Lawn Boy, a sexually explicit novel reported by a Winters Mill High School parent late last year, was ultimately pulled from bookshelves by superintendent Lockard after the book reconsideration committee met and voted to retain the book.
The parent was first made aware of the committee’s decision to retain the book in December. She then exercised her right to appeal the decision to Dr. Lockard, who was given 30 days to respond. The final decision was then shared by Angela McCauslin, Director of Curriculum and Instruction.
“I agree with the Reconsideration Committee that Lawn Boy has literary value as a novel,” explained McCauslin. “However, a high school media center serves students at various maturation levels…Ultimately, I am persuaded that the graphic sexual language and descriptions of sexual activity that appear at various points in the novel, coupled with the much more liberal use of profanity and sexually derogatory language throughout, make this novel inappropriate for general circulation in school media centers.”
The book will be set aside and available to minors with parent permission.
The Winters Mill mom was generally pleased with the decision but frustrated with the process.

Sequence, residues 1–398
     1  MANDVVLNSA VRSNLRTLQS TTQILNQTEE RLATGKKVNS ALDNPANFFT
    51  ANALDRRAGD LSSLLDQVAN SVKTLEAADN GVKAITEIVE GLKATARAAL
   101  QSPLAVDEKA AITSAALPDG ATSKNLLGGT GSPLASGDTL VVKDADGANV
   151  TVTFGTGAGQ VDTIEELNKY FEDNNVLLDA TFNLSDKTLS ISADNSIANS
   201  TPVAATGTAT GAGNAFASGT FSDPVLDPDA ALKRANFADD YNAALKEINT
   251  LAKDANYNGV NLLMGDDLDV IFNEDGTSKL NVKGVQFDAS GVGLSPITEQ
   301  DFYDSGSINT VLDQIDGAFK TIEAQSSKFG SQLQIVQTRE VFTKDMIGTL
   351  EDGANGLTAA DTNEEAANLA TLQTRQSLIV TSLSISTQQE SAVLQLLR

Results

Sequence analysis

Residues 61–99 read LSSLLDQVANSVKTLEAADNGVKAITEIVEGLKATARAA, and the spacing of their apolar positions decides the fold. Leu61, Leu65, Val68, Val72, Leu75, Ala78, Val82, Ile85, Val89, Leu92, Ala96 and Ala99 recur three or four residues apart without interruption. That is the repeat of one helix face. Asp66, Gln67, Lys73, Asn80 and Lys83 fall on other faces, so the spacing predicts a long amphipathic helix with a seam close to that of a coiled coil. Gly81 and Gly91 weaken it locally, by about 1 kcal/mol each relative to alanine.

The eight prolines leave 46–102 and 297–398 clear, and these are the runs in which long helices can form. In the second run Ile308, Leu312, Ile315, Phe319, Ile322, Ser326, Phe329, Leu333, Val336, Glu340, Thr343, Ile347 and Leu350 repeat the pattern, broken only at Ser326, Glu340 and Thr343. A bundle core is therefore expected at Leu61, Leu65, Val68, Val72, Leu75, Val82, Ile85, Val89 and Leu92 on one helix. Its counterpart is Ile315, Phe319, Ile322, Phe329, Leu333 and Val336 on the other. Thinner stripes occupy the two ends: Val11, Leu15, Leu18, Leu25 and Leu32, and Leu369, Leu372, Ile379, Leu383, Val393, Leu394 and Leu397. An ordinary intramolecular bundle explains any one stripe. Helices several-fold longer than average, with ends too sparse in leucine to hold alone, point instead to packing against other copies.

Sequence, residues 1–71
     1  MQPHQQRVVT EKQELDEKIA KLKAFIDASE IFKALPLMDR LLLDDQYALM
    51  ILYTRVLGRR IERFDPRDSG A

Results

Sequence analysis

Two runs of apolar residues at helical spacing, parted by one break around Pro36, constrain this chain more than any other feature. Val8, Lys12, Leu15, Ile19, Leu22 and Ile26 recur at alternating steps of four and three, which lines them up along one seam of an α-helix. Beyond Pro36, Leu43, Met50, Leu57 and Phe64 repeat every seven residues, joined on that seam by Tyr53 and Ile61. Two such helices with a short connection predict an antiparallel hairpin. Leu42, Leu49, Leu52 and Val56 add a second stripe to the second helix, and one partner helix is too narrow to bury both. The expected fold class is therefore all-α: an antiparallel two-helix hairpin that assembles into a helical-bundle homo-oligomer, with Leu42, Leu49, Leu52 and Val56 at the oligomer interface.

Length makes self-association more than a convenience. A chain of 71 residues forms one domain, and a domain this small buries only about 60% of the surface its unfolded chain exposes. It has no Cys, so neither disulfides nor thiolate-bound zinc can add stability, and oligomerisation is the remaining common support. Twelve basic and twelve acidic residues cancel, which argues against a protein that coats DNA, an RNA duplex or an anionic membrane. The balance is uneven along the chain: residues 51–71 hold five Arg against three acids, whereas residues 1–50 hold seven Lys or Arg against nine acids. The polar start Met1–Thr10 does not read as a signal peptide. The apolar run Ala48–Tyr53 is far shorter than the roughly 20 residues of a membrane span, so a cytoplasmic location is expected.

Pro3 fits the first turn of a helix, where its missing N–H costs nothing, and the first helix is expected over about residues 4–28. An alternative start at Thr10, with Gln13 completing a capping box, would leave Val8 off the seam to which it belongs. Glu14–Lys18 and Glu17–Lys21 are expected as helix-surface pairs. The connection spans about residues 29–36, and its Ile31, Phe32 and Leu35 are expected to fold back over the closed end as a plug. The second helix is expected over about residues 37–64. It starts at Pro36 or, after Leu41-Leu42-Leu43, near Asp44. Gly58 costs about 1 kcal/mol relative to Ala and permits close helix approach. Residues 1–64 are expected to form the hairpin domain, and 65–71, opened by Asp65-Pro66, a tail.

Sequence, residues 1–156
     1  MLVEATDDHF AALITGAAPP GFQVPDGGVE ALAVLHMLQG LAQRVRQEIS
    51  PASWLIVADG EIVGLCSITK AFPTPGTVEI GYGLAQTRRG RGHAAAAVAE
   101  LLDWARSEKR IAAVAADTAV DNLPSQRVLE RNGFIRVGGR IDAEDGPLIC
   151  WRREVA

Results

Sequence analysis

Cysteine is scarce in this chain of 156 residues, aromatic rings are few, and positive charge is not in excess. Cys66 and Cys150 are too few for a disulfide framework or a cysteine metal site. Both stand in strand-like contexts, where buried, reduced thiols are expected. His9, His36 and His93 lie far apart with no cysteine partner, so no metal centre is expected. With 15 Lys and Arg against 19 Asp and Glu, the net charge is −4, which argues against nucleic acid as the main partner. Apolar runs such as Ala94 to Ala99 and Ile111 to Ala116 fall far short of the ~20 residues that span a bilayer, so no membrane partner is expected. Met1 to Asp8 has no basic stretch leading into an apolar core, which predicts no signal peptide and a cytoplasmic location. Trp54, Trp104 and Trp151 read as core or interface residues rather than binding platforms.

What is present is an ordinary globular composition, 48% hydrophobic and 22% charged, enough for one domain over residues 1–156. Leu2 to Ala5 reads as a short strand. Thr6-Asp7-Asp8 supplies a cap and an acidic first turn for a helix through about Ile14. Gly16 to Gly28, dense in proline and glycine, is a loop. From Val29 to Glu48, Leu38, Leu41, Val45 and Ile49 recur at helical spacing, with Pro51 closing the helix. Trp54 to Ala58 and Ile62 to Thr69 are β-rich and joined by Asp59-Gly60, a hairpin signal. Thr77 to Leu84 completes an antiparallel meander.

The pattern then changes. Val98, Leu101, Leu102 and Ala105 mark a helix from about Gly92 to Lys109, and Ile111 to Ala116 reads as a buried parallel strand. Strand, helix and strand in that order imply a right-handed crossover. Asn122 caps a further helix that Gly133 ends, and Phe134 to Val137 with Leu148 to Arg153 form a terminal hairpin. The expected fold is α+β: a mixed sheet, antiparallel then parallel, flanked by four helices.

“I think this was a good compromise, but why did this have to go all the way up to the superintendent? How do books like this become generally available in school libraries in the first place?”
The news of Lawn Boy follows another recent decision made by the reconsideration committee to keep Graceling, another book containing a sex scene, in middle school libraries. This decision was also reversed by Lockard and Graceling will not be on middle school shelves.
Concerned Parents of Carroll County and Moms for Liberty have called for improved standards to prevent unwanted exposure of inappropriate materials to children in the public school arena, an issue many parents feel could be prevented at the book selection stage.
Left-leaning Board of Education candidates Amanda Jozkowski and Tom Scanlan have pushed back against parent calls for improved library standards, claiming that such changes would undermine “academic freedom” and invite “unnecessary attention”.
Jozkowski, Scanlan and some on social media have characterized efforts to improve media center standards as “book banning”, but parents argue they just want to ensure the selected books are age appropriate for the students who have access to those materials. Students enter elementary school as young as 4, middle school as young as 11, and high school as young as 14.